Sony NEX-6 + Sigma 30mm F2.8 DN | A @ 30 mm, 1/200 sec @ ƒ/5.6, ISO 100

Manual focusing

Where the NEX-6 possibly shines is with manual focusing. First, you have to know that manual focusing is operated with the usual ring on the lens, but — unlike Nikon DSLRs — it doesn't mechanically engage the lens. Instead, it provides the electronics in the camera with the required information and then the camera operates on the lens: it's called “focus by wire” and it's a typical feature of mirrorless cameras. I was really worried about it: typical good idea with possibly crappy implementation. This is not the case: I must admit it works flawlessly. It partially depends on the lens, of course, and the Sigma lens I've bought has got a very, very smooth focus ring; the lens focuses after the finger rotation with no apparent lag. What's very good is that focus changes slowly as the ring rotates, allowing for precise operations, recalling the feel of the old manual lenses (or the first Nikkor AF lenses that were also good with manual focus), a feeling that was unfortunately lost with the latest Nikkor AF-S products: their ring goes from minimum to maximum distance in a few degrees, so precision focusing has become hard — as if manual focusing was implemented only to write one more feature on the specifications, rather than be an effective thing.

But good news isn't over. With an optional feature, manual focusing automatically activates magnification in the viewfinder, as if you had a focusing loupe: 4.8x and 9.6x magnifications can be cycled with a single button press. This is possibly very valuable, I suppose specially for macro, even though I have to try it with the tripod: without it, the image is very unstable (even with a normal focal as my current lens). Perhaps stabilised lenses (the Sigma I've bought isn't) give a better experience.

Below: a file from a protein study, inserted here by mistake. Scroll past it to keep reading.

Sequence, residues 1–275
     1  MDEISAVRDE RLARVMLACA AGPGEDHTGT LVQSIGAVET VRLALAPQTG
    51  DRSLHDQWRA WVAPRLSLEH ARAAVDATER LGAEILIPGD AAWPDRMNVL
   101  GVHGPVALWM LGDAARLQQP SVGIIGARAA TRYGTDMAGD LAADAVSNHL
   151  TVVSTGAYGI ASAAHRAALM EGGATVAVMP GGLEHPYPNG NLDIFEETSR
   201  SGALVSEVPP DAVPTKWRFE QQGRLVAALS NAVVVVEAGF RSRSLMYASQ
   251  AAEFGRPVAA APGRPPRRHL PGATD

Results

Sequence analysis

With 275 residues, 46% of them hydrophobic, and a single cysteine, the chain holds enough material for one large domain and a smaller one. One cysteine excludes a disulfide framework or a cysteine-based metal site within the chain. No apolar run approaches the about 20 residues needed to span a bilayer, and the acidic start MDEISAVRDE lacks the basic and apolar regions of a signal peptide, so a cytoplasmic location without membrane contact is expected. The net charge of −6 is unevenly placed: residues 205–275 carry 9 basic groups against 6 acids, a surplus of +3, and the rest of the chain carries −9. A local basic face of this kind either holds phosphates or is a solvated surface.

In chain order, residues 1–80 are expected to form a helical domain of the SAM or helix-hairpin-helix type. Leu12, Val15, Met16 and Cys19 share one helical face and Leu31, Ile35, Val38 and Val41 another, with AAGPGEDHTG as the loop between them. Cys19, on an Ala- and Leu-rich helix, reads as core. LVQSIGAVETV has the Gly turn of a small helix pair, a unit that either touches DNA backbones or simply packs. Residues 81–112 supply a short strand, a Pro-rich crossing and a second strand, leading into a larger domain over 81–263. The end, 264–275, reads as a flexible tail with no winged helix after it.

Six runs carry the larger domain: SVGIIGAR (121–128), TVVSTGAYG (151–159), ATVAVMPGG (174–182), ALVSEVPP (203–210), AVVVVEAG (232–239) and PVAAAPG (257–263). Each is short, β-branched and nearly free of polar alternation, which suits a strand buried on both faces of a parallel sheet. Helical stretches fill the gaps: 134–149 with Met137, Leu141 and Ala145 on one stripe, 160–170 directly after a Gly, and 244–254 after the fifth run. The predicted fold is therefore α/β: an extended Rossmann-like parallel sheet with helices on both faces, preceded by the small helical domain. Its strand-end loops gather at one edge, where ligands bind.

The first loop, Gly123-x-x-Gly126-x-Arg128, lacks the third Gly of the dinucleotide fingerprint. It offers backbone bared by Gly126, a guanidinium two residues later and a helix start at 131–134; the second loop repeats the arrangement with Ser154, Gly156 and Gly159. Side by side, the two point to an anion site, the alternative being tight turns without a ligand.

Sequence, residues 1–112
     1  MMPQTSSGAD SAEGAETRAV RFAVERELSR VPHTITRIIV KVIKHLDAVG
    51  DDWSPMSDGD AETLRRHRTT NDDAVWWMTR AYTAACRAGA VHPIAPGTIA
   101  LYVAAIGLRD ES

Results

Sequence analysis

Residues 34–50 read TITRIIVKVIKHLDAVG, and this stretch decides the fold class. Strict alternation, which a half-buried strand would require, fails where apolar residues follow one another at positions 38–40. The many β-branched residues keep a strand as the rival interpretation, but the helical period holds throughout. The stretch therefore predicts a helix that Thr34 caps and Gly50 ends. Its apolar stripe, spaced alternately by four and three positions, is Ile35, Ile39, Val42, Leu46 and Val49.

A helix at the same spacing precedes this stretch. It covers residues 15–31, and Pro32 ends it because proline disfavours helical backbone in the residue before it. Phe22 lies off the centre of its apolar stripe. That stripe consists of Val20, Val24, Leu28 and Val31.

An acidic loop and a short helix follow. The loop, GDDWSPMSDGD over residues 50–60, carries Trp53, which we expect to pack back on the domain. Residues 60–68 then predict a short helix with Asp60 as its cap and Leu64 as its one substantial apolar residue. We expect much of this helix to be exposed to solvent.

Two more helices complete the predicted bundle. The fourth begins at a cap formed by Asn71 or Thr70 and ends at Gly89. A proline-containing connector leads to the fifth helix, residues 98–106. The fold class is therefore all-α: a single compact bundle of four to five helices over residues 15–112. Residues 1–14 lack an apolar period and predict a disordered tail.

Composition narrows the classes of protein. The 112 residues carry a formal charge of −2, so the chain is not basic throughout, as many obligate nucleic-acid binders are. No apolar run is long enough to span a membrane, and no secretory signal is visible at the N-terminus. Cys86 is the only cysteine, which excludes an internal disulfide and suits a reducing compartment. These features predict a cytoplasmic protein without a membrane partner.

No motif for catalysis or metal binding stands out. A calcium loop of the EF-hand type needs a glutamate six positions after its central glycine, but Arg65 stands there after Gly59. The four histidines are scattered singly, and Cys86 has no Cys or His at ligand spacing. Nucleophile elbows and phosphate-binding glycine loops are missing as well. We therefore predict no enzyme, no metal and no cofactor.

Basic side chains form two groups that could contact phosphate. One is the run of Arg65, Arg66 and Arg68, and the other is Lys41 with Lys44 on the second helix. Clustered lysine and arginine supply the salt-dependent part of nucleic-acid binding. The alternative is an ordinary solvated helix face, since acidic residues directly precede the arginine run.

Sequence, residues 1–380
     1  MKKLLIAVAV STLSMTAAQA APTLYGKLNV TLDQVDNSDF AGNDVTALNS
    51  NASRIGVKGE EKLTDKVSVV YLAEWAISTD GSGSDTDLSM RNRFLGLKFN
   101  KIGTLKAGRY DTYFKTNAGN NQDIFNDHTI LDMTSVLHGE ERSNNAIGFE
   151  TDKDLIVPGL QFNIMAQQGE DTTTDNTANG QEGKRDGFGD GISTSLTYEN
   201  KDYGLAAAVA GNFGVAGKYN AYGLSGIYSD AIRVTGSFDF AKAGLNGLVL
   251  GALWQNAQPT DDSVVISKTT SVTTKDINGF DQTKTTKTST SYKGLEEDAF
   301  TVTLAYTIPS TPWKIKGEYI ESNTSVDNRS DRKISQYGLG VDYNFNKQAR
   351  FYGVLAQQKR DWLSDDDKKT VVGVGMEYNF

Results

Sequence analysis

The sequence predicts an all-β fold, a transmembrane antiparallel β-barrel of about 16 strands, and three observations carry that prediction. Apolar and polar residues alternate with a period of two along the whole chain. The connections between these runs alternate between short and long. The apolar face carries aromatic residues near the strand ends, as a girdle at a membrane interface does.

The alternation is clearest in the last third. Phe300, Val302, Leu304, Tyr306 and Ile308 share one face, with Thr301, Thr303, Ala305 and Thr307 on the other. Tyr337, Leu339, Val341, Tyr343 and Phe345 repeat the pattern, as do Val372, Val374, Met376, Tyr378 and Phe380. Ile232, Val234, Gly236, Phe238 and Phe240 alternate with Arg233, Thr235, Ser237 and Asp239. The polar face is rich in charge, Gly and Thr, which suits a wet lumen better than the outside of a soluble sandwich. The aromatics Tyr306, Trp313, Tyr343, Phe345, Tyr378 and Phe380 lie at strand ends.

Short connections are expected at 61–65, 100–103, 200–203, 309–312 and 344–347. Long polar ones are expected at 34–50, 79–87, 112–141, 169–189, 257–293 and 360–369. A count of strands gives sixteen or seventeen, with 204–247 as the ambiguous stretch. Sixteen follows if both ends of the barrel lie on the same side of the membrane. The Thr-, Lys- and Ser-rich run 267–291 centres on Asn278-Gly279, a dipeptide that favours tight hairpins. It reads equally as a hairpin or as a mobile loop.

A further manual focusing feature is “focus peaking”: the viewfinder is supposed to display coloured markings over the parts of the subject that are in sharp focus. This would be a fantastic aid — but it doesn't work all the times. In fact, the camera doesn't really show focused portions, rather areas with a high local contrast: often they are really those in sharp focus, but I've seen that there can be frequently false positives or negatives. In any case, the photo below has been manually focused with this technique over the “MASTIFF” boat name, and indeed that portion of the picture is in focus. Note that I've never been able to manually focus with high precision, probably because of a lack of sensibility in my eyes, so I really appreciate this feature.

Sony NEX-6 + Sigma 30mm F2.8 DN | A @ 30 mm, 1/200 sec @ ƒ/8, ISO 100

Also the next photo was manually focused with the peaking aid: I aimed at the radar at the top of the yacht, and it is properly focused.

Sony NEX-6 + Sigma 30mm F2.8 DN | A @ 30 mm, 1/125 sec @ ƒ/8, ISO 100

Marina dell'Aeroporto.